DSED and VC defibrillation tied to higher survival compared to standard defibrillation in refractory VF: NEJM

CANADA: According to a cluster-randomized trial reported in The New England Journal of Medicine, patients with refractory ventricular fibrillation (VF) were more likely to survive to hospital discharge utilizing double sequential external defibrillation (DSED) and vector-change (VC) defibrillation than those who received the conventional approach.

Shock-refractory ventricular fibrillation, which occurs during out-of-hospital cardiac arrest, is still widespread despite advancements in defibrillation technology. Rapidly spaced shocks from two defibrillators make up DSED. Defibrillation pads are moved from the anterior-lateral to the anterior-posterior position during VC defibrillation. To enhance outcomes for individuals with refractory ventricular fibrillation, these defibrillation techniques have been proposed.

The study’s objective was to compare conventional defibrillation to DSED and VC defibrillation in adult patients experiencing out-of-hospital cardiac arrest with refractory ventricular fibrillation.

This trial was carried out in six Canadian paramedic organizations on adults who experienced out-of-hospital cardiac arrest and refractory ventricular fibrillation.

Three typical defibrillation attempts were made on each subject. After three successive shocks, those who were still in ventricular fibrillation were given one of the three defibrillation techniques that the paramedic service was randomly allocated to use. Prior to the COVID-19 pandemic, a total of 405 patients (mean age, 63.6 years; 84% men) were enrolled in the trial. Bystanders saw 68% of out-of-hospital cardiac arrests, and 58% of those patients got bystander CPR. The three groups shared similar resuscitation characteristics and a median delay of roughly 10 minutes between the initial call and the first defibrillation.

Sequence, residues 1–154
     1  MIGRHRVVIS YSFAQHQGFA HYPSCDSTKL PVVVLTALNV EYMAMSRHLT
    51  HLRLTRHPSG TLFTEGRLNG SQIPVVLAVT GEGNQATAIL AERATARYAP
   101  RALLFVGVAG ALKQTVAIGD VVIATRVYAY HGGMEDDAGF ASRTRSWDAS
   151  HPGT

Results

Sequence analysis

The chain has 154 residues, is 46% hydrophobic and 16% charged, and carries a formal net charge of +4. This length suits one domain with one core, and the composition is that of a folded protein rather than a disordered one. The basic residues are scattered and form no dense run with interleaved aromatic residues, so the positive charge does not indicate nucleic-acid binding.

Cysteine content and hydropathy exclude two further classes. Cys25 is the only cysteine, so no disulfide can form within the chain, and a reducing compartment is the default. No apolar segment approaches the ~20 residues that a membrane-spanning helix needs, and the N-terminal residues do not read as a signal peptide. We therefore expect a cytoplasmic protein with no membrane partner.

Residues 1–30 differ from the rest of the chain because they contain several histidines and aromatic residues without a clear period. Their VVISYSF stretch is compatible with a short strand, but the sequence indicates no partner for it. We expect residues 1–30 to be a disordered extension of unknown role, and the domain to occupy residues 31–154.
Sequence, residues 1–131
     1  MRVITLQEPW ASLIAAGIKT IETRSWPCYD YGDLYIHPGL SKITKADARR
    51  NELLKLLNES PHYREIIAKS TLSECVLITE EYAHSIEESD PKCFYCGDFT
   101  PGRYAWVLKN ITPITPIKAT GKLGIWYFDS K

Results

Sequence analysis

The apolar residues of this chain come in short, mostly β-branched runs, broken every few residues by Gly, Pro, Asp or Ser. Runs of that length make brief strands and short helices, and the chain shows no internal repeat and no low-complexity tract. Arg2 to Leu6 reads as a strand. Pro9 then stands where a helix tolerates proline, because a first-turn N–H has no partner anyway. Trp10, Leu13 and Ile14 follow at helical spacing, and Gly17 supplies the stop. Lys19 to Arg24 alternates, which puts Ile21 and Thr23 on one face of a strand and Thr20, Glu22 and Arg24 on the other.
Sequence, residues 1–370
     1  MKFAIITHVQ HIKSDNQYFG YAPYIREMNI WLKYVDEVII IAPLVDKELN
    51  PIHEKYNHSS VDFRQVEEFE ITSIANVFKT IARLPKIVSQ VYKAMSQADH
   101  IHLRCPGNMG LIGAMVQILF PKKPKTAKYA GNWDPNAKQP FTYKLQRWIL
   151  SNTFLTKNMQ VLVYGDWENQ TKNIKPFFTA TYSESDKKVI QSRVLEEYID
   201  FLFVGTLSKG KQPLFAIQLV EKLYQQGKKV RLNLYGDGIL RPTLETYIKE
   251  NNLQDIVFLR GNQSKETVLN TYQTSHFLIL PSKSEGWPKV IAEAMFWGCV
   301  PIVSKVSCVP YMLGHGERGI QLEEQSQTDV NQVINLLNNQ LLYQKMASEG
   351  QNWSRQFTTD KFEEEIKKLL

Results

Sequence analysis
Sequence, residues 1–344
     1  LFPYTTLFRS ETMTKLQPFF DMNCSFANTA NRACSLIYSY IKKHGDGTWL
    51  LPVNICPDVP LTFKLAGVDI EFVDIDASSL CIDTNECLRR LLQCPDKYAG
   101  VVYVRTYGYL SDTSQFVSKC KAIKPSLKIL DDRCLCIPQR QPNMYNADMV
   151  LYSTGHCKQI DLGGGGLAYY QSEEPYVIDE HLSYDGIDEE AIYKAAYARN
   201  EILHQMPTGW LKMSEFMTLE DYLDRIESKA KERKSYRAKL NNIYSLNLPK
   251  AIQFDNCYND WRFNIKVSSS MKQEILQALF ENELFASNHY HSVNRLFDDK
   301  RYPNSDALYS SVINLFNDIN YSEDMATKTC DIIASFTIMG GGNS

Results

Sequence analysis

The main result was staying alive until being released from the hospital. Secondary outcomes were the cessation of ventricular fibrillation, restoration of spontaneous circulation, and a positive neurologic outcome, defined as a modified Rankin scale score of 2 or lower (meaning no symptoms to mild disability) at hospital discharge.

Key findings of the trial:

  • The DSED group had a higher rate of survival to hospital discharge than the standard group (30.4% vs. 13.3%; relative risk, 2.21; 95% confidence interval [CI], 1.33 to 3.67)
  • the VC group had a higher rate of survival than the standard group (21.7% vs. 13.3%; relative risk, 1.71; 95% CI, 1.01 to 2.88).
  • In comparison to standard defibrillation, DSED, but not VC defibrillation, was linked to a larger proportion of patients having a favorable neurologic outcome (relative risks, 2.21 [95% CI, 1.26 to 3.88] and 1.48 [95% CI, 0.81 to 2.71], respectively).
  • Return of spontaneous circulation occurred in 46.4% against 26.5%, and ventricular fibrillation was terminated in 84% of the DSED group versus 67.6% of the conventional group (RR, 1.25). (RR, 1.72).
  • In the VC group, recovery of spontaneous circulation happened in 35.4% of cases while ventricular fibrillation termination occurred in 79.9% of cases, yielding an RR of 1.18 compared to traditional defibrillation (RR, 1.39).

The investigators claimed that all patients with refractory ventricular fibrillation should certainly consider either double defibrillation or an alternative pad placement.

“To further understand the effects of DSED and VC defibrillation for refractory ventricular fibrillation, more investigation is required. This should include trials that are explicitly powered to compare the two methods and those that take post-resuscitation care into account,” they continued.

The authors concluded that until then, “such protracted types of defibrillations are not ready for routine therapy, although they may be taken into consideration when no other therapeutic alternatives remain.”


Cheskes S, Verbeek PR, Drennan IR, McLeod SL, Turner L, Pinto R, Feldman M, Davis M, Vaillancourt C, Morrison LJ, Dorian P, Scales DC. Defibrillation Strategies for Refractory Ventricular Fibrillation. N Engl J Med. 2022 Nov 6. doi: 10.1056/NEJMoa2207304. Epub ahead of print. PMID: 36342151. 

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